The call for politicians to ‘get real’ and ‘go public’ is more than just about winning elections. Officials can design engagement spaces to better suit those needs.
This week, the Deputy NSW Premier John Barilaro warned that politicians need to ditch their fancy suits, put their jeans on and connect with everyday people. Normally, such unsolicited cross-party fashion advice would have ruffled feathers but the NSW Premier, Gladys Berejiklian (pictured above), appears to agree.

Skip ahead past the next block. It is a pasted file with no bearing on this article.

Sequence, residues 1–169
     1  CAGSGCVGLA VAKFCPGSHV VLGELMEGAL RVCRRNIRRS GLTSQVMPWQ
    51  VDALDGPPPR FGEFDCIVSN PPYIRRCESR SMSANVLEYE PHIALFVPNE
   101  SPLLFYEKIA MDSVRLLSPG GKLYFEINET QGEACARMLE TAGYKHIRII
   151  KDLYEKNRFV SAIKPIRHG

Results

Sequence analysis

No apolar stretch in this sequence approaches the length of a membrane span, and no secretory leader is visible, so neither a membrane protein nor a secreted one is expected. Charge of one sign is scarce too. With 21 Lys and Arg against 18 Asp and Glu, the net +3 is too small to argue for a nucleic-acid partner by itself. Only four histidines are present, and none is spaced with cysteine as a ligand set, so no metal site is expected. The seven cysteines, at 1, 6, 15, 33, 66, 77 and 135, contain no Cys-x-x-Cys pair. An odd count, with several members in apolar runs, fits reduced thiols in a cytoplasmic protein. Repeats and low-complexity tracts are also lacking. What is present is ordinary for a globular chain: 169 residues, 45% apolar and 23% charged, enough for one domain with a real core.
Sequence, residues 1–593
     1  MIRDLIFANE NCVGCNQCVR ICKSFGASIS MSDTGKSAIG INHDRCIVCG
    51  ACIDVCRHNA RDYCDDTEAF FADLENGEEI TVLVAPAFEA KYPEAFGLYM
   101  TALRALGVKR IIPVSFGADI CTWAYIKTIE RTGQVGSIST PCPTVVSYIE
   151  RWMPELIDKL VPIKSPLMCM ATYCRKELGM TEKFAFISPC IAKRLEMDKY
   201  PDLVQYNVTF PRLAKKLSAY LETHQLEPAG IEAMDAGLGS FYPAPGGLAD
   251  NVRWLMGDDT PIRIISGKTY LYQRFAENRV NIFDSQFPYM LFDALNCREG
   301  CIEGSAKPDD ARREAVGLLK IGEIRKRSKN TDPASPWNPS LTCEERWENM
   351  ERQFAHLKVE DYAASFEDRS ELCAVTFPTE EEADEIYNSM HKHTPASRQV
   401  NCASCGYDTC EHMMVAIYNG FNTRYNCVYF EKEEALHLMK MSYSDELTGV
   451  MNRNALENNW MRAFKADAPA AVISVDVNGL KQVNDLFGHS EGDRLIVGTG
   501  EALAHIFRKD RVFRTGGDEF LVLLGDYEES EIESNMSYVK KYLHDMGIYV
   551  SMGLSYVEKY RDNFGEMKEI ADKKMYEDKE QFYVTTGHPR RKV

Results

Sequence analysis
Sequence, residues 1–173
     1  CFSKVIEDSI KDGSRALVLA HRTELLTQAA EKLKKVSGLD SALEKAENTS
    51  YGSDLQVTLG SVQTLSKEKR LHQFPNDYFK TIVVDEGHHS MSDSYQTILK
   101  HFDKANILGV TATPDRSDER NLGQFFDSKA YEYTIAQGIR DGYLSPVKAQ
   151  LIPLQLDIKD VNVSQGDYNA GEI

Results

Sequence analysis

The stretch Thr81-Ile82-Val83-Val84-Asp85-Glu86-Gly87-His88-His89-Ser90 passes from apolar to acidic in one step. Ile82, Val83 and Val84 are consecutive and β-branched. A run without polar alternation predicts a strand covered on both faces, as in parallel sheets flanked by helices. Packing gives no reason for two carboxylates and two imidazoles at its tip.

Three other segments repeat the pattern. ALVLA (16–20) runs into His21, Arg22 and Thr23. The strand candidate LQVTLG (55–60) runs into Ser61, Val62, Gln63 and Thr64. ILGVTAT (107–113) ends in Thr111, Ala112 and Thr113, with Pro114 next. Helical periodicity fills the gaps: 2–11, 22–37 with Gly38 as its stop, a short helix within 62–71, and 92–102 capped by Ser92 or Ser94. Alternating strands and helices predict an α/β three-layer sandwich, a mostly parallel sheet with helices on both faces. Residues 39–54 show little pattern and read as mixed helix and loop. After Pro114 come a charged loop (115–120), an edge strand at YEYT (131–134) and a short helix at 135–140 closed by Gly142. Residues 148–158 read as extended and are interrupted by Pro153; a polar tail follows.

Getting out of the political bubble and connecting to everyday people, it turns out, is not just about surviving election battles. It helps our leaders make better collective decisions, according to research we conducted with 51 senior politicians with ministerial experience in the Australia, UK, NZ, Canada and the US.
Most of us would laugh out loud at the idea that our political leaders are genuinely interested in interacting and listening to everyday citizens. We would scoff at the idea that politicians might find our views insightful, even useful for their decision-making. And on the idea that politicians want more (not less) opportunities to meet with citizens, we would say, ‘Come on … really?’
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